I'm a modern world programmer, as lazy as they come.. both ASMX and WCF technologies are starting to feel a bit dated to me, for example a typical WCF implementation will probably have a hefty XML configuration associated to it, if this is the way you are used to working then it will probably feel natural.

I like type safety and hate magic strings and further hate digging around in large XML, to my mind this is the path of the runtime error.

If you have used the MVC framework to create a web application then there is pretty much a zero learning curve to using the mvc webapi.

All the standard things like routes, models and controllers still apply in exactly the same way, all the HTTP verbs are there to be used...

With minimal effort all your routes and controllers can be used in a completely type safe way (no strings), so if it is broken then it probably doesn't compile....

Also it is much easier to write a unit test to exercise a controller than it is to unit test a ServiceContract

I'm not certain but I'd expect the MVC route to lend itself to IoC/DI better than WCF for the same reason above, but I'm prepared to be wrong on that.

Can you tell I'm biased.

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This is a subjective question and with regards to the difference between the 3; WCF is more suited to communication between layers, asmx is basically what we used before wcf came along and due to the flexibility of mvc, it can be used in a number of senarios. WCF is however great for implementing OData services.

I personally use MVC to implement the web service on the client tier for AJAX interactions and have done so on several projects. The advantages are that I do not have a separate project and as such the front end stack is light weight and DRY, more efficient and organising code in this way makes more logical sense to me.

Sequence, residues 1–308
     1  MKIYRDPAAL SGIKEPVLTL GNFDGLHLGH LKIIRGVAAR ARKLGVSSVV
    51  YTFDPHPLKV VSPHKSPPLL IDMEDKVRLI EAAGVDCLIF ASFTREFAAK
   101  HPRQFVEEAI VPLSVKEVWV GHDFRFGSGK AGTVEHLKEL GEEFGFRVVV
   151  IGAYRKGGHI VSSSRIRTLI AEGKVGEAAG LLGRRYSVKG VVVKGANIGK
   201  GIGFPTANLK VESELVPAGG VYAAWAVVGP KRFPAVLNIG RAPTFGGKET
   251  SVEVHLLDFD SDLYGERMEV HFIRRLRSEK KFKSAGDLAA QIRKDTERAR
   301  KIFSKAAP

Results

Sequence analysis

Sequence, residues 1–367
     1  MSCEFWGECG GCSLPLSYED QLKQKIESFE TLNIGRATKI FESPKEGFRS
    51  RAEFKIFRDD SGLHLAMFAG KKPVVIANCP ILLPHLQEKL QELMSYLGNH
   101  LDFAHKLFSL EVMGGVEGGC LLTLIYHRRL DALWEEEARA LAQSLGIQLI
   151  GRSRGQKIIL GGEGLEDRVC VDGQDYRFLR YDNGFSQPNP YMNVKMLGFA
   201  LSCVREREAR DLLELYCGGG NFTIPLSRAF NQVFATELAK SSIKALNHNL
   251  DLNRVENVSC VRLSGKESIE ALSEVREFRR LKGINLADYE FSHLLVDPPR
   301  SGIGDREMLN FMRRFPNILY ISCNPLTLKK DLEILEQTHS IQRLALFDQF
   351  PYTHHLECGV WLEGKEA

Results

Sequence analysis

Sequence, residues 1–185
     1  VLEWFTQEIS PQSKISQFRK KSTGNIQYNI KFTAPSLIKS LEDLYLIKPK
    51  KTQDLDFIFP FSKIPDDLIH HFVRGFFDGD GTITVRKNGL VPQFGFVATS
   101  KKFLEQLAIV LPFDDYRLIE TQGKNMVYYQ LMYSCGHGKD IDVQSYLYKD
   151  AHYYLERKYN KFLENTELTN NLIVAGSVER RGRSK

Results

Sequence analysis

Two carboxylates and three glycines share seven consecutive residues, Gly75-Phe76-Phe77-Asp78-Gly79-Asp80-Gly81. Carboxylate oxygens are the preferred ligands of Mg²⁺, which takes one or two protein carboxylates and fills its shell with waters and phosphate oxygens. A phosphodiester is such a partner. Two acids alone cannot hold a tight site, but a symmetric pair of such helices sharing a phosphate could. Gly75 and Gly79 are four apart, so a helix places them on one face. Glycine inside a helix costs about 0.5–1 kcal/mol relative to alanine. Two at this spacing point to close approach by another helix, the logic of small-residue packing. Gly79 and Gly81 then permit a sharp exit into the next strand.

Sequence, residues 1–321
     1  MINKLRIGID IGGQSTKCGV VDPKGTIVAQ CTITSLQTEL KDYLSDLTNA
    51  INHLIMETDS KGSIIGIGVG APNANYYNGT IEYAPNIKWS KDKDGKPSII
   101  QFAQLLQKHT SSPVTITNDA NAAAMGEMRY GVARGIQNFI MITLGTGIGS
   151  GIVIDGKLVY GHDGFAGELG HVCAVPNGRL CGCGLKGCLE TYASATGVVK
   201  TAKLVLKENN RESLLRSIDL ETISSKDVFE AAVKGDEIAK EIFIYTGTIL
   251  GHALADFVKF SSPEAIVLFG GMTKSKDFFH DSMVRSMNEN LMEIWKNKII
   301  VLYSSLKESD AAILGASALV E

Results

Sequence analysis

IMHO wcf has too large an overhead and is overly complex for simple JSON serialization. I personally think there is a case for using MVC in an n-tier architectural site instead of WCF.

This article looks at using this in the infamous NerdDinnerd project nerd dinner rest

There are several frameworks such as OpenRasta, but I find that the standard mvc.net tools are more than sufficient.

Also, a good article by haacked here: haacked.com

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I'm on the core team that maintains ServiceStack - another very popular choice to build REST-based services on .NET / Mono.

Supports REST, SOAP and MQ based services

In addition to REST-based services you can re-use your same services to Support both SOAP and REST-based endpoints. ServiceStack also includes the .NET's fastest JSON, JSV and CSV text serializers. Here's an earlier answer comparing its advantages over WCF and WebApi.

Succinct, Typed, End-to-end API

ServiceStack also includes typed generic ServiceClients in all the major supported formats including: JSON, XML, JSV, SOAP 1.1/1.2 as well as the super fast binary ProtoBuf and MessagePack formats.

ServiceStack's generic service clients offer the most succinct, typed end-to-end client/server API without any code-gen.

ServiceStack Overview slides

The ServiceStack Overview Talk at this years MonkeySpace has a good intro into ServiceStack and its advantages.